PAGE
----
10 Great Sushi Spots In HoustonWhere to go if you like it raw.
There are like 20 sushi restaurants per capita in Houston, and more open all the time. Seriously, Houston is basically a clown car stuffed with sushi restaurants. That also means that whatever you’re looking for—high end joints, cheap Happy Hours, exclusive omakases—Houston can provide. Our list can help narrow down whichever kind of sushi adventure you’d like to go on. Here are nine great sushi restaurants in Houston.
On any given night, the sushi counter at Kata Robata in Upper Kirby is always packed. Raw fish freaks know Kata fires on all cylinders when it comes to nigiri, sashimi, or the coveted omakase experience (which you have to specifically reserve). Sushi is all about temperature, and Kata nails it. Here, no matter if you’re sitting at the sushi bar or one of the dreamy sunken booths across the restaurant, the vinegar-sweet sushi rice always arrives slightly warm, the expertly cut fish always slightly cool—the perfect bite.
The 16-course omakase at the tiny restaurant Neo HTX is one of Houston’s best sushi experiences. Even though it all happens in the back of a Montrose townhouse turned couture clothing store, you stop caring once the first dish lands. Not only do you get perfectly sliced pieces of Japanese sea bream, tuna belly, and torched A5 wagyu, but also free pairings of saké all night. Every piece of nigiri is so delicious, thoughtful, and beautifully presented, that when asked to add caviar on top of the ice cream scoop for dessert, you almost can’t resist. Neo knows how to make every bite worth it, even at a minimum $175 person, which could be considered a relative bargain.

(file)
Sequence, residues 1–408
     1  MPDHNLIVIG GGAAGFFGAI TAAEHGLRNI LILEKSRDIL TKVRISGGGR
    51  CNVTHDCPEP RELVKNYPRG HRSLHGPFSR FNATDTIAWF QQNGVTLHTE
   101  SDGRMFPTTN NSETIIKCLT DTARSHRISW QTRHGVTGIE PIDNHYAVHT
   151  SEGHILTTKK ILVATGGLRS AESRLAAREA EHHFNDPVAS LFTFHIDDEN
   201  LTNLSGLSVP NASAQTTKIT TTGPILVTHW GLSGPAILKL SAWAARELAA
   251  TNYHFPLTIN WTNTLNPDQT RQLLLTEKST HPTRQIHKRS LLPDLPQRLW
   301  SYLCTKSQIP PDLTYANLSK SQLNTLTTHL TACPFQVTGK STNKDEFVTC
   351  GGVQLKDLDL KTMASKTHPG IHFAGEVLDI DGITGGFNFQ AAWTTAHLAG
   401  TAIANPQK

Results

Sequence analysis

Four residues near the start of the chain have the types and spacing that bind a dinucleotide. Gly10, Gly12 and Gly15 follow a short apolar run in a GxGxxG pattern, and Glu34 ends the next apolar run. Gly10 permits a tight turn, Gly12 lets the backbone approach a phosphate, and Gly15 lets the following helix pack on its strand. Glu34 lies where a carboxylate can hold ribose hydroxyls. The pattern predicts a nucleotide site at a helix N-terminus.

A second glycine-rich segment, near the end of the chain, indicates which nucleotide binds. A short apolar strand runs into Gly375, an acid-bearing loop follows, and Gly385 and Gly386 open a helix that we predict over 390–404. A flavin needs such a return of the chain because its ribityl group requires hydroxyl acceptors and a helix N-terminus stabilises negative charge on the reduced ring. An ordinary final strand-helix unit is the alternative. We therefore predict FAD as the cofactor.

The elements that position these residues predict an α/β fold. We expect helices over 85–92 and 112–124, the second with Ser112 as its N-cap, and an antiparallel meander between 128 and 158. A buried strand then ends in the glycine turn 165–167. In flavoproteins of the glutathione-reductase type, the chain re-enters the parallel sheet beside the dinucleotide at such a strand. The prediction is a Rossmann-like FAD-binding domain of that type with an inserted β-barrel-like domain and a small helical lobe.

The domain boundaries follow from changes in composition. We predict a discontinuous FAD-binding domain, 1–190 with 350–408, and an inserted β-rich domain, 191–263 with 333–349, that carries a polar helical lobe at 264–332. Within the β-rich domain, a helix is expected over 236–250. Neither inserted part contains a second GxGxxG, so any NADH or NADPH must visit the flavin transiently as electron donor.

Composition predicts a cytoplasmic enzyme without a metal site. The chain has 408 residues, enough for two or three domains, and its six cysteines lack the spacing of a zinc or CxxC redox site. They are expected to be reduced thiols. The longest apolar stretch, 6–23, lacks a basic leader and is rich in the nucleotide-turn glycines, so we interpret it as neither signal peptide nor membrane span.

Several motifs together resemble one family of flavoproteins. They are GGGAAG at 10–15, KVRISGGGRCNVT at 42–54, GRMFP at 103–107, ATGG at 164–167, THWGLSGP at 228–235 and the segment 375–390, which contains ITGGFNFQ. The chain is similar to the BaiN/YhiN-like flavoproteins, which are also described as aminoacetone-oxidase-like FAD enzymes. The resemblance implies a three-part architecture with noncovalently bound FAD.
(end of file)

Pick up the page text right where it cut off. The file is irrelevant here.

A meal at Uchi, the Austin import that first hit Montrose in 2002, is the kind you save for birthdays or anniversaries. But a strategic Happy Hour is just as fabulous (just get there before 6pm). The menu here is jam-packed, and picking what to order feels like sitting down for a test you didn’t study for. Instead of busting out the ‘ole “close your eyes and point” method to decide, try the omakase. Or better yet, let your server captain the meal and guide you through scores of nigiri, rolls, seasonal specials, cool-tastings, and hot-tasting options with ease.
Mash up a sushi restaurant with some infomercial salesman charm, and you’ve got 5Kinokawa in The Heights, a $150 omakase-only spot that’s open from Friday to Sunday. While the dining room is conspicuously filled with just as many carpentry tools as species of fish, you’re here to enjoy sushi. Nigiri pieces like flounder fin muscle, Santa Barbara spot prawn topped in caviar, and binchotan charcoal torch-seared A5 wagyu float out between the chef’s would-be standup special. The addition of high-end boozy cocktails and intermittent injections of cooked dishes like cod sperm dumplings (you ready that correctly), makes the experience zip by.